[cvsnt] error: Local Security Authority cannot be contacted
Michael.Wojcik at microfocus.com
Thu Nov 16 17:15:01 GMT 2006
> From: cvsnt-bounces at cvsnt.org
> [mailto:cvsnt-bounces at cvsnt.org] On Behalf Of Rick Martin
> Sent: Thursday, 16 November, 2006 11:39
> I am setting a remote workstation to access a CVS server over a VPN
> receiving this error when using the -d format of
> It works fine if I do a cvs login and use -d as
> :sspi:username at servername:/REPO.
> In my case the local workstation is a member of the same domain as the
> server and I am logging into the workstation with my domain account.
> Obviously, when I do this the domain server is not available because I
> remote. However, once I connect to the VPN it should be.
Yes, but due to the complexities of Windows authentication types,
security tokens, and other intricacies, having the domain controller
available only after you log in is not the same as having it available
when you log in.
When you log in to a workstation that's a member of a domain, but not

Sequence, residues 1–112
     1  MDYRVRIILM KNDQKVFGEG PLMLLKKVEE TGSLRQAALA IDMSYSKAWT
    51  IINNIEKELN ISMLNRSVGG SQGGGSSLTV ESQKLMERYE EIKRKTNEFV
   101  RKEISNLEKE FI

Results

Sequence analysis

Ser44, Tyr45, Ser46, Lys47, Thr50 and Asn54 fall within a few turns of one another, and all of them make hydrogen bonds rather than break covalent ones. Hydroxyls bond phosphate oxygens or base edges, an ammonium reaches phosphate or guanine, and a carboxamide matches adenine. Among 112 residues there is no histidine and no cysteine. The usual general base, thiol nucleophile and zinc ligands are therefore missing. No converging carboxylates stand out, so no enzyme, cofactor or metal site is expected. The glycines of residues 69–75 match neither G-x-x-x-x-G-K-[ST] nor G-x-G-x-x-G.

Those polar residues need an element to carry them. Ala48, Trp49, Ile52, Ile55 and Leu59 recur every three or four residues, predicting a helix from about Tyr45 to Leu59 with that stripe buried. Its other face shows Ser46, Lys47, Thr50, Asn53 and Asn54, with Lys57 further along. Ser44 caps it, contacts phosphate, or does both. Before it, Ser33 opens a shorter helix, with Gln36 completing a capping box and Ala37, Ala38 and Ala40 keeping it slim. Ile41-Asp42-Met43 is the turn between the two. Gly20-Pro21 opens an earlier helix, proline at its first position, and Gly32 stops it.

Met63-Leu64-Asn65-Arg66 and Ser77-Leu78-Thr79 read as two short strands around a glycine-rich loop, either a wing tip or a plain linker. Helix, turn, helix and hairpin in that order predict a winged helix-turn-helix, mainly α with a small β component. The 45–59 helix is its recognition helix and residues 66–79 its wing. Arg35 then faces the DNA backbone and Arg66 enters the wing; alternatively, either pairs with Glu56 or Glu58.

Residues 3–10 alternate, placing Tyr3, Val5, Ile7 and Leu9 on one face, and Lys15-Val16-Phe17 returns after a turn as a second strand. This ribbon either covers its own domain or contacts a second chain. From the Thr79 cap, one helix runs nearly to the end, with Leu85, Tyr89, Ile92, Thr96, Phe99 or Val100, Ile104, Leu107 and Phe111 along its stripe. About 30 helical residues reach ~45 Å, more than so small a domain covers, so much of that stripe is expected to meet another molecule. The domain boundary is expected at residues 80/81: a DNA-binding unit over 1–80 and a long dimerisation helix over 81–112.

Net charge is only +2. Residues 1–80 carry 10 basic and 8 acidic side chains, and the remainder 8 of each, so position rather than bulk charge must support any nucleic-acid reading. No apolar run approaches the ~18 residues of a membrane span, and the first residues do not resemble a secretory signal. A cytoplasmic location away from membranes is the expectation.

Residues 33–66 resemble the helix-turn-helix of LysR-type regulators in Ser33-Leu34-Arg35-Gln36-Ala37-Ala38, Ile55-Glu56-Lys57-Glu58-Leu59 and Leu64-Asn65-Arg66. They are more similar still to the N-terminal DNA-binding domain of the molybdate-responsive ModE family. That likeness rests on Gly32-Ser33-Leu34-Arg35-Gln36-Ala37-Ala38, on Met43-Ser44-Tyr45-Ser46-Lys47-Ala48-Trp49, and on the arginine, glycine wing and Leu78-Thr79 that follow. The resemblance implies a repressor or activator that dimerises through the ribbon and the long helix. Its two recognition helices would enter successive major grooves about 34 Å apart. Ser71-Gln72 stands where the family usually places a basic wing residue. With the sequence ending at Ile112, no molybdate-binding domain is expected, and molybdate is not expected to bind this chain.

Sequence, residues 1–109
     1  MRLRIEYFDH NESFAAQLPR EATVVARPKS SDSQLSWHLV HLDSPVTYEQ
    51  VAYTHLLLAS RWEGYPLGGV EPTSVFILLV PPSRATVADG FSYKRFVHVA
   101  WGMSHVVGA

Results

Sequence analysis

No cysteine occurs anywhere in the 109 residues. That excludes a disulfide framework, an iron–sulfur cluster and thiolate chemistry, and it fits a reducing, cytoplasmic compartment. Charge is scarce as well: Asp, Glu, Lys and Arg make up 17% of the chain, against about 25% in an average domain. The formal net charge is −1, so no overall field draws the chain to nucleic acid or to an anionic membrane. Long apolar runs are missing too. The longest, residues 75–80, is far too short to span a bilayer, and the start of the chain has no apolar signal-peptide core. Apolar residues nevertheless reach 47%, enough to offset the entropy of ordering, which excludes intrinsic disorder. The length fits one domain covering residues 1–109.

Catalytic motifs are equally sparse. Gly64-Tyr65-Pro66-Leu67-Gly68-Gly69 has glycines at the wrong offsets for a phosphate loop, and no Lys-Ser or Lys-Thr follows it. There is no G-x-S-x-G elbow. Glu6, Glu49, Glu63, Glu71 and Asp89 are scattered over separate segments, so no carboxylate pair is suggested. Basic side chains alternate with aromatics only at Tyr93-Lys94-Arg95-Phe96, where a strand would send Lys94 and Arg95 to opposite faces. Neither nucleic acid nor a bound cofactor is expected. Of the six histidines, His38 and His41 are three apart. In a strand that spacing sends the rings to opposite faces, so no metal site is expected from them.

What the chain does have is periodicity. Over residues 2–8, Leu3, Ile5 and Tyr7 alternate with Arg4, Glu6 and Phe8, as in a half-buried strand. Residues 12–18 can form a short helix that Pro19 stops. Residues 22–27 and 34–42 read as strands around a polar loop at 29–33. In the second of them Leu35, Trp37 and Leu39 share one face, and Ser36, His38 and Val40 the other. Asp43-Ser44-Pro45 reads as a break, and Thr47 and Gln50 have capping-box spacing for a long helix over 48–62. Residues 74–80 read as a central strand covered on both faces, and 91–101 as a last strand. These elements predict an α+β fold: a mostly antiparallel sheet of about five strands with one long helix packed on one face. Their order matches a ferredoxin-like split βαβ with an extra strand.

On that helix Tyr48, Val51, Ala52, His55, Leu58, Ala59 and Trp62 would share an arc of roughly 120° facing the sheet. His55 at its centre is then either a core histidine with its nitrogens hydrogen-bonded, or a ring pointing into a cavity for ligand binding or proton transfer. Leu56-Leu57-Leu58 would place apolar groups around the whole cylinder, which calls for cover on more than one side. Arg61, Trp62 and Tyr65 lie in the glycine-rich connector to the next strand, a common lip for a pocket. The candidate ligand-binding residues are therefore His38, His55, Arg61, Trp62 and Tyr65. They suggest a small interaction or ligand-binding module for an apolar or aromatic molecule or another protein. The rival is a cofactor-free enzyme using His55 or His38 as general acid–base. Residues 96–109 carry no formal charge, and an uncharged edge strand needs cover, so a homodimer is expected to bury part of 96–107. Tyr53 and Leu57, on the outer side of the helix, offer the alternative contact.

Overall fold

currently able to reach the domain controller, using a domain ID, the
workstation (if it lets the login succeed) will verify against a cached
verifier. It appears that the resulting token isn't acceptable to the
domain controller for whatever CVS does with an SSPI login without a
username supplied as part of the CVSROOT, which isn't surprising, though
I don't have time right now to try to track down all the details.
> I know this is probably not a CVS issue but I'm hoping
> someone here will have run into and addressed the problem.
I think it's Windows working as designed.
The workaround is simple: when you create a new sandbox, do a cvs login
with the username included in the CVSROOT
(":sspi:username at servername:/..."). You only have to do that once per
sandbox, until your domain password changes, and you can set the CVSROOT
environment variable if you always use the same CVSROOT string and not
even supply the -d option.
That's what I do. My machines aren't part of a domain, but my main CVS
server is, and I reach it over a VPN and use SSPI for CVS
I realize this may be less than ideal for you, but is it actually a
problem? That is, is there a reason why you need SSPI authentication
without an explicit username?
Principal Software Systems Developer
michael.wojcik at microfocus.com
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